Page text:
My interest in cemeteries stems from my experiences with genealogical research. Cemeteries and the graves located within them can provide a researcher a lot of useful information such as, birth and death dates, military service rank and dates served, and cause of death. In addition to the data presented on the grave markers, the information obtained from the location and layout of the cemetery itself can give the researcher insight into the familial structure and its economic and social status it once held in life. I knew that I wanted to complete a project that would be beneficial to those who conduct genealogical research in Rutherford County. Initially, I wanted to produce an online guide to the cemeteries of Rutherford County; however, I soon realized that a project of that magnitude would take far more research than one semester would allow. Due to time constraints, I narrowed my project to the known African-American cemeteries of Rutherford County. Although this drastically reduced the number of cemeteries that would be included in the guide, it was not without its own set of challenges.
I began my research for this project by seeking published articles and books on my topic using the Walker Library located on Middle Tennessee State University’s campus. Unfortunately, I was only able to locate one, Cemeteries and Graveyards of Rutherford County, Tennessee, compiled by Susan G. Daniel and published by the Rutherford County Historical Society in 2005. This book was an excellent starting point for my research; however, out of the 700 or so cemeteries listed within the book, only 16 are specifically noted as African-American. Each cemetery listed within this book has directions to its location, the number of known graves located at the cemetery, and whether or not the cemetery has marked or unmarked graves. 
Once I created my list of African-American cemeteries, I began the task of physically visiting each location using the directions given in Daniel’s book. This turned out to be a bigger challenge than expected. Many of the roads listed in her book have since changed names. I wondered why I kept running into this problem and soon found out that it was because the 2005 edition in many respects is simply a reprint of the 1975 edition. Many street names have changed in Rutherford County since 1975. Although this certainly presented a problem, I was not deterred in my search for very long. I began using new technologies like Google Earth and the Rutherford County GIS website to assist in finding the cemeteries on my list. Unfortunately, often times finding the location on a map solved only one of several problems. Once I found what looked to be the location of a cemetery using aerial photos, I still had to physically travel to the location and take photos.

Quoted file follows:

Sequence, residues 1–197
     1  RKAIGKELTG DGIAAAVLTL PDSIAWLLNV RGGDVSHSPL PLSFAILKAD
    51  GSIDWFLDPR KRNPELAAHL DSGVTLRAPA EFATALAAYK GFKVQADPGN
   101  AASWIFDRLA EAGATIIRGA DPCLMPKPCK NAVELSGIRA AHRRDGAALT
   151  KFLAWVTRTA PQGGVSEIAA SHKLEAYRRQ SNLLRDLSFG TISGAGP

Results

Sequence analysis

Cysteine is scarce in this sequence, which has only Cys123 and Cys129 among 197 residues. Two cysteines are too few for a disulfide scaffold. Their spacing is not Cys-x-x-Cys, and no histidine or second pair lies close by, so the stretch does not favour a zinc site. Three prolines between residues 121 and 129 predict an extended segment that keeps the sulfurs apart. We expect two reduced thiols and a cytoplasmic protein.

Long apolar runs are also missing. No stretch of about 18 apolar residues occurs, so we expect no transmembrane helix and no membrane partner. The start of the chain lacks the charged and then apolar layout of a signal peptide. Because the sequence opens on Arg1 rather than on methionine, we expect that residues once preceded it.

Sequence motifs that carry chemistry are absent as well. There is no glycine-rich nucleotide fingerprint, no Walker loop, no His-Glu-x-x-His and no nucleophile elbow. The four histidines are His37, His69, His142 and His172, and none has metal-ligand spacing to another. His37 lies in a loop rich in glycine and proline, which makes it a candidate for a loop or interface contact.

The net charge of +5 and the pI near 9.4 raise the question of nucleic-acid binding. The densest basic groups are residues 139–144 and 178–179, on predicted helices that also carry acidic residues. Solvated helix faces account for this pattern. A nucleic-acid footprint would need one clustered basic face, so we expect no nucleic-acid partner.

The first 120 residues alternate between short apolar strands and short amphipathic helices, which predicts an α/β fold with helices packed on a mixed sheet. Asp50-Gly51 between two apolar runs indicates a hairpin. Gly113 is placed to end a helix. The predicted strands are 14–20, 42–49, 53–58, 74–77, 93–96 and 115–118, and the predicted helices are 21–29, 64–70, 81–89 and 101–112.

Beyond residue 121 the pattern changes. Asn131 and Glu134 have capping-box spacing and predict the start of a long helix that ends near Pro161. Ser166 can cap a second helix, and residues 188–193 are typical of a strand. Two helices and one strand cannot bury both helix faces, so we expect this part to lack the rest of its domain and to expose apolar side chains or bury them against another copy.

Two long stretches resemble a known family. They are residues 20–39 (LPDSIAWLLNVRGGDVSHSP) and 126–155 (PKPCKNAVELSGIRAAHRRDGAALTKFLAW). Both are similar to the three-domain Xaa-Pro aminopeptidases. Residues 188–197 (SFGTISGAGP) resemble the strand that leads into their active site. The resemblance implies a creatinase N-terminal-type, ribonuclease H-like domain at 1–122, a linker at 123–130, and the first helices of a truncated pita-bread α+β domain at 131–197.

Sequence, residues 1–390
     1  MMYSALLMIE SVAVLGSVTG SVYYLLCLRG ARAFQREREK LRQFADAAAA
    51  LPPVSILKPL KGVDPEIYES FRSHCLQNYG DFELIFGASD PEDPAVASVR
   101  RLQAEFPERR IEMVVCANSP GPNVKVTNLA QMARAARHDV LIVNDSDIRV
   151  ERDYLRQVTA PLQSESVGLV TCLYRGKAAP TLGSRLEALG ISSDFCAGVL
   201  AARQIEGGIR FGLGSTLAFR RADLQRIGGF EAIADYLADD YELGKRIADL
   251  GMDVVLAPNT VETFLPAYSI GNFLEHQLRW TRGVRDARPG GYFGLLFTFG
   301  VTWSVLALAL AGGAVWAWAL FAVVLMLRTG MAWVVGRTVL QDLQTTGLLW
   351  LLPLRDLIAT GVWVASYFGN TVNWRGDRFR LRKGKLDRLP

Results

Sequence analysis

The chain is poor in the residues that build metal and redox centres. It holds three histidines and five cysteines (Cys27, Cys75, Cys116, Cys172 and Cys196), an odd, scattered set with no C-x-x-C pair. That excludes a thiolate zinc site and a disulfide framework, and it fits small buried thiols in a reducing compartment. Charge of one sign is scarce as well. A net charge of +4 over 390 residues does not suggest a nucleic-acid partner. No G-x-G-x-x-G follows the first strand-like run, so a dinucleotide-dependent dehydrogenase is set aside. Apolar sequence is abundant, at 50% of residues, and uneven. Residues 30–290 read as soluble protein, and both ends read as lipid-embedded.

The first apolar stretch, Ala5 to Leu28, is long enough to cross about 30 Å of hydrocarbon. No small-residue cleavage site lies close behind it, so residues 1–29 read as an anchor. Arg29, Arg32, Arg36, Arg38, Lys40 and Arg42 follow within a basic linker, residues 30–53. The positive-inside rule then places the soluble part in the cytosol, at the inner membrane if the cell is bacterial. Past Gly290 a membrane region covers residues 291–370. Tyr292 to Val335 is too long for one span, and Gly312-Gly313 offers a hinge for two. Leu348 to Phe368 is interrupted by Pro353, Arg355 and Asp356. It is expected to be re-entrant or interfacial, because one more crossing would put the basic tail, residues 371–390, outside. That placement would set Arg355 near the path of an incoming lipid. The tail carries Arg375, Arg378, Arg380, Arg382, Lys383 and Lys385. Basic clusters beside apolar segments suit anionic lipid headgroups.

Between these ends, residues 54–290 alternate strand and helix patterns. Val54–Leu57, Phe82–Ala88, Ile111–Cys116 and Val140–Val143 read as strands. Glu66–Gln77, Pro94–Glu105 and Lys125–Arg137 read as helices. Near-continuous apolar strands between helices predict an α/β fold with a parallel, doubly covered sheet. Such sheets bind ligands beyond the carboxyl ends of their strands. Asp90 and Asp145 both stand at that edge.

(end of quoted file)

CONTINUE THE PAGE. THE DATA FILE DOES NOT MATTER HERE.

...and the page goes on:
Many times, these cemeteries were located on private property and not visible from any publically accessed road. Another issue I ran into was once I found the location, often times the cemetery was so hidden by overgrowth that the graves were no longer visible. Thankfully, I was able to access several and photograph them.
With the help of history professors Dr. Stacey Graham, and Dr. Kristine McCusker, I was able to locate a few African-American cemeteries not found on my initial list. In fact, one of my most successful finds was due to Dr. Graham’s directions to the Benevolent Cemetery located off of Park Ave in Murfreesboro. I found myself really drawn to this cemetery. Sadly, this cemetery is currently a victim of neglect. It has over 300 graves with many unmarked and others in disrepair. I did additional research on this cemetery and found that News Channel 5 did a story on the condition of the Benevolent Cemetery in February, 2011. After receiving this exposure, I would have expected to find it better shape; however, nothing has been done to clean it up.
The situation at Benevolent Cemetery is not an uncommon problem. After researching approximately 20 African-American cemeteries in Rutherford County, I realized that issues with upkeep are very common due to lack of funding. There may, in some cases, be ideological differences between white cemeteries and African-American cemeteries concerning attitudes towards maintenance; this hypothesis will take further research.
Overall, even with its many challenges, I have enjoyed conducting the research involved with this project. There is an inherent excitement involved in the hunt for these cemeteries. With each cemetery I found, I felt encouraged to accept the challenge of finding the next one. There were only two things that I disliked about this project, the cost of gasoline to drive all over Rutherford County, and ticks. I spent well over $100 in gasoline and pulled-off at least a dozen ticks due to the overgrowth found at many of the cemeteries. Note to self, next time go hunting for cemeteries in the dead of winter.At the start of this essay I mentioned that cemeteries can yield lots of valuable information. Cemeteries tell a story, a story that is, or at least should be, important to all of us. Cemeteries are historical primary documents. They provide us with evidence of who lived and died in these local communities. I chose this project because I personally feel it is important to preserve our local public history by documenting these cemeteries. “Gone but not forgotten,” the loving phrase that is engraved on many a tombstone but should apply to everyone
 Daniel, Susan Garretson. Cemeteries and Graveyards of Rutherford County, Tennessee. Murfreesboro, TN: Rutherford County Historical Society, 2005. Print.
 Murfreesboro & Church in Talks About Overgrown Cemetery